Swarms of beetle-like robots using advanced sensory motor control technology could one day be used to crawl over the rubble of disaster areas in search of survivors.
The rescue robots are just one of the possible outcomes of a three-year research project at Edinburgh University, where a team of engineers is attempting to create a six-legged robot that can adapt its gait to complex terrain.
‘Getting a robot to walk on flat territory is a well-solved problem,’ said Alan Murray of the university’s Neural Networks Group. ‘When it gets bumpy it becomes difficult.’
Murray, with project leader Barbara Webb from the university’s Insect Robotics Group, will design a robot that uses vision and tactile sensors to navigate homes, buildings and the outdoors. The robot will be equipped with a small camera and a vision algorithm that will allow it to see, recognise and avoid running into objects.
‘It will be able to look for edges in an image,’ Murray said. ‘For example, it would be able to figure out when there’s a hole in the ground.’
The robot will use its tactile sensors to determine where its limbs are located and will rely on an artificial neural network to direct its appendages. For example, if it did come upon a hole, it could decide whether to walk around it, stretch its legs and step over it or walk into and out of it.
‘There are many other research groups building insect-like robots, but the robots tend to be ones that do only reflex behaviours,’ said Webb. ‘There is not much research on building insect-like robots that continually learn what to do.’
There are many examples of humanoid robots that display these sort of learning mechanisms. One popular example is the Honda Motor Company’s ASIMO, which has already been proven to walk up complex terrain such as stairs.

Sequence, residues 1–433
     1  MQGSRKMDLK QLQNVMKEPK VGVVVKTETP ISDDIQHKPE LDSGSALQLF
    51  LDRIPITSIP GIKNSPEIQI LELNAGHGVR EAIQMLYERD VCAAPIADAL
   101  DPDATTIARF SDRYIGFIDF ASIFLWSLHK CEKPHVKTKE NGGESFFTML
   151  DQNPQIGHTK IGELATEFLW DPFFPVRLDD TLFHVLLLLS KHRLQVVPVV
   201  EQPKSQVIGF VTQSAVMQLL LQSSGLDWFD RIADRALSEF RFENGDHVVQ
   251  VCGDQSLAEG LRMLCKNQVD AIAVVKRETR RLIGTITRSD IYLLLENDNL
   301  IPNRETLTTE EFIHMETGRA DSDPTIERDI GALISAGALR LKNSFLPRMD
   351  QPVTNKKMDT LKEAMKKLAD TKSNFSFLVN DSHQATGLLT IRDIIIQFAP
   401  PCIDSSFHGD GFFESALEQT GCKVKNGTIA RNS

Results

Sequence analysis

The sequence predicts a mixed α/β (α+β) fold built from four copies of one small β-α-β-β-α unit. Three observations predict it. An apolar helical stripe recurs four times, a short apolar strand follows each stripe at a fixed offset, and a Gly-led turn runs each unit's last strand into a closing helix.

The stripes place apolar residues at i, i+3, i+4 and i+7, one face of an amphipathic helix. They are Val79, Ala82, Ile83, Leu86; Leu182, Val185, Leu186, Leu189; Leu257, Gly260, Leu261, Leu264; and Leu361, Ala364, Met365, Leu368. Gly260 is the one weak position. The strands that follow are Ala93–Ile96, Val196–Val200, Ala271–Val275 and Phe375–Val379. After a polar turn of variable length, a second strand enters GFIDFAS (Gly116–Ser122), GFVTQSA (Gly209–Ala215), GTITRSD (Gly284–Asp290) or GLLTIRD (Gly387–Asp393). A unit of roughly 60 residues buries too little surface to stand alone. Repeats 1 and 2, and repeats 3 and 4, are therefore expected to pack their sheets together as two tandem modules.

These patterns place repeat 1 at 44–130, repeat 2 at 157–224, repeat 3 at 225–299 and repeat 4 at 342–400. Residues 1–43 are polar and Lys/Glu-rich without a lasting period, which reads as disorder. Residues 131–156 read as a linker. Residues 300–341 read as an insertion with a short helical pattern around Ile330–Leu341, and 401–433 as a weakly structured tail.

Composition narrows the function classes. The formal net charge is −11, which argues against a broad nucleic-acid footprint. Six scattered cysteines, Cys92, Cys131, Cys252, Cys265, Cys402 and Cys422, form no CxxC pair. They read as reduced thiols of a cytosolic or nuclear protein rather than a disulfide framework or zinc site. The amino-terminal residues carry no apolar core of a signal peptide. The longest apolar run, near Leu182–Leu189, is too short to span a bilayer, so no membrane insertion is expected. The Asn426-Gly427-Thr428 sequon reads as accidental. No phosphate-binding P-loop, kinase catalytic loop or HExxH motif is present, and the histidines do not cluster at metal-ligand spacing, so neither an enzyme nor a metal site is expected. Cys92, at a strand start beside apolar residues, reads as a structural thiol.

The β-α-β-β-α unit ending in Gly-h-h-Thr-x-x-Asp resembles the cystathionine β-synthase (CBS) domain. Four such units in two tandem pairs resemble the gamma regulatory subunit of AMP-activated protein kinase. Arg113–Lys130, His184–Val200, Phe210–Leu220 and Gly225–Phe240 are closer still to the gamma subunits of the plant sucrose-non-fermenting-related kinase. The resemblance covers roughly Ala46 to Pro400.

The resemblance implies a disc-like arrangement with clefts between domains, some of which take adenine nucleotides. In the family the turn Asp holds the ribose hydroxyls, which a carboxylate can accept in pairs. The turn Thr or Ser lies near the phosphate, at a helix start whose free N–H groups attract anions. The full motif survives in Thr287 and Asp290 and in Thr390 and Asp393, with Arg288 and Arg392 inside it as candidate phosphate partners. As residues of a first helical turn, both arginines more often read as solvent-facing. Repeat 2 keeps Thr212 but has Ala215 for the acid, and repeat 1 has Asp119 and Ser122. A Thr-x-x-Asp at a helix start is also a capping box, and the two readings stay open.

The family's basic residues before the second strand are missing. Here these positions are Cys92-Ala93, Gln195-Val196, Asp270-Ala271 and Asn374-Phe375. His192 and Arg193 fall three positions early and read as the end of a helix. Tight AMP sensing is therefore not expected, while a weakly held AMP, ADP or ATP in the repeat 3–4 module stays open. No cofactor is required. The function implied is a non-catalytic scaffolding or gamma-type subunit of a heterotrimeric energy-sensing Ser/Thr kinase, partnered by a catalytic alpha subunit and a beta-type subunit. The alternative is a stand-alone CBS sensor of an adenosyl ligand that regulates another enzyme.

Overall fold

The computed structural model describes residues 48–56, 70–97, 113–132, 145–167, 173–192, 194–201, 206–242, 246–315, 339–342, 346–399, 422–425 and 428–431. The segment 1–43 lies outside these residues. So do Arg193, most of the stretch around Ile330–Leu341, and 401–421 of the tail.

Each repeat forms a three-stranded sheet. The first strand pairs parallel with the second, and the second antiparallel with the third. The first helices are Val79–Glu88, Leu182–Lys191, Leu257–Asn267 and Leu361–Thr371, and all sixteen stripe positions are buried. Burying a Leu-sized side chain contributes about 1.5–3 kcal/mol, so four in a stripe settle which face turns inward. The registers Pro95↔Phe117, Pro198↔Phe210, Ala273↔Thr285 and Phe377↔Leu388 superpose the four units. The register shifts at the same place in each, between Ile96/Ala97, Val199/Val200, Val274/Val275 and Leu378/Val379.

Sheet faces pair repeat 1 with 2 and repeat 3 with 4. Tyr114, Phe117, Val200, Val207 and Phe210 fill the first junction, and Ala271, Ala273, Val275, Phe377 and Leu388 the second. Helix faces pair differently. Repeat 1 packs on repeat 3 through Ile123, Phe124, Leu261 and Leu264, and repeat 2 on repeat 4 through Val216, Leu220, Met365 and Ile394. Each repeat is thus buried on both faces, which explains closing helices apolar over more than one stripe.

The hexapod robot, however, would be smaller and cheaper and therefore more suited for dangerous environments such as the rubble ruins of a destroyed building.
‘In those situations it would be better to send lots of simple, cheap robots rather than one big expensive one,’ said Webb.
Theoretically, it should be easier to model a robot on an insect than on a human. One reason is that a human brain is much more complex than an insect brain.
Murray, who is an electrical engineer, has spent years researching ways to build computer chips that work like the brain.
‘In the brain neurons send messages to one another in a sort of neural Morse code,’ he said. ‘They don’t send digital bits like computers, and they don’t send analogue data like we find in audio systems. They communicate via little blips of signal — voltage spikes.’
Murray will find out how a robot can use these spikes in voltage to detect edges and the movement of edges in an image in order to work out how far it is from something.
The Edinburgh team decided to build a robot with six legs because that provides stability with manageable control challenges. Each leg would contain three motors.
‘While eight legs would arguably be more stable than six legs, it would be just more to control to no avail,’ Murray said.
The robot would measure about 30-50cm long and the legs would be 20cm high. However, if the research team is able to prove the concept, the size of the robot will be scalable.
‘If you’re sending something into a rubble-strewn area, the bigger it is the bigger obstacles it can cope with,’ Murray said.
The robot could also be used in much less disastrous situations. Murray suggested that the six-legged machine could be an ideal household robot.
‘Unlike a robot on wheels, this robot could go up the stairs,’ he said.
‘If people could cope with the idea of something that looked like a big beetle wandering around the house, this may be an application.’